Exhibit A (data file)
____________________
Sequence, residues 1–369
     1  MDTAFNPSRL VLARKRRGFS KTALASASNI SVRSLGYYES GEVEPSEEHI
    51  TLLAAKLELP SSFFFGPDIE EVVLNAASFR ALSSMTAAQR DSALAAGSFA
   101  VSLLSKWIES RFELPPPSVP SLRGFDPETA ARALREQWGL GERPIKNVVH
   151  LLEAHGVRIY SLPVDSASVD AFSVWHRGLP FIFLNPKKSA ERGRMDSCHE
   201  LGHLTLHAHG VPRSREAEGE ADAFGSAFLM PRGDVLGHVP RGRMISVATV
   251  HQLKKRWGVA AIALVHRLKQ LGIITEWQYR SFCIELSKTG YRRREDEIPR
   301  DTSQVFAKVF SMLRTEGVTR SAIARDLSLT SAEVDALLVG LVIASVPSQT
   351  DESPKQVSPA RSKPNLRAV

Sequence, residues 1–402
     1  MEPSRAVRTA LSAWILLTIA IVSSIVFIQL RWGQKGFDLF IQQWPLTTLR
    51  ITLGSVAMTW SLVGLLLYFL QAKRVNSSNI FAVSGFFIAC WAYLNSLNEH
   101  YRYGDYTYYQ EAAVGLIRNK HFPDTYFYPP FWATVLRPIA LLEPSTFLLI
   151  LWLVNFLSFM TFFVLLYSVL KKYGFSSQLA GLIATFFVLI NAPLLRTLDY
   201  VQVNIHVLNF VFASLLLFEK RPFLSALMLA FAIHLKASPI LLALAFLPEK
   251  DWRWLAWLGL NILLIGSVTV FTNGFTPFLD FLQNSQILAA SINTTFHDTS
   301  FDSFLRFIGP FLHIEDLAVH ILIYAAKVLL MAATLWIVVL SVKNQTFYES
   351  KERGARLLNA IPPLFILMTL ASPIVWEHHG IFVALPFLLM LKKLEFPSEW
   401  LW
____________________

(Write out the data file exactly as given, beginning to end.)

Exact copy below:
Sequence, residues 1–369
     1  MDTAFNPSRL VLARKRRGFS KTALASASNI SVRSLGYYES GEVEPSEEHI
    51  TLLAAKLELP SSFFFGPDIE EVVLNAASFR ALSSMTAAQR DSALAAGSFA
   101  VSLLSKWIES RFELPPPSVP SLRGFDPETA ARALREQWGL GERPIKNVVH
   151  LLEAHGVRIY SLPVDSASVD AFSVWHRGLP FIFLNPKKSA ERGRMDSCHE
   201  LGHLTLHAHG VPRSREAEGE ADAFGSAFLM PRGDVLGHVP RGRMISVATV
   251  HQLKKRWGVA AIALVHRLKQ LGIITEWQYR SFCIELSKTG YRRREDEIPR
   301  DTSQVFAKVF SMLRTEGVTR SAIARDLSLT SAEVDALLVG LVIASVPSQT
   351  DESPKQVSPA RSKPNLRAV

Sequence, residues 1–402
     1  MEPSRAVRTA LSAWILLTIA IVSSIVFIQL RWGQKGFDLF IQQWPLTTLR
    51  ITLGSVAMTW SLVGLLLYFL QAKRVNSSNI FAVSGFFIAC WAYLNSLNEH
   101  YRYGDYTYYQ EAAVGLIRNK HFPDTYFYPP FWATVLRPIA LLEPSTFLLI
   151  LWLVNFLSFM TFFVLLYSVL KKYGFSSQLA GLIATFFVLI NAPLLRTLDY
   201  VQVNIHVLNF VFASLLLFEK RPFLSALMLA FAIHLKASPI LLALAFLPEK
   251  DWRWLAWLGL NILLIGSVTV FTNGFTPFLD FLQNSQILAA SINTTFHDTS
   301  FDSFLRFIGP FLHIEDLAVH ILIYAAKVLL MAATLWIVVL SVKNQTFYES
   351  KERGARLLNA IPPLFILMTL ASPIVWEHHG IFVALPFLLM LKKLEFPSEW
   401  LW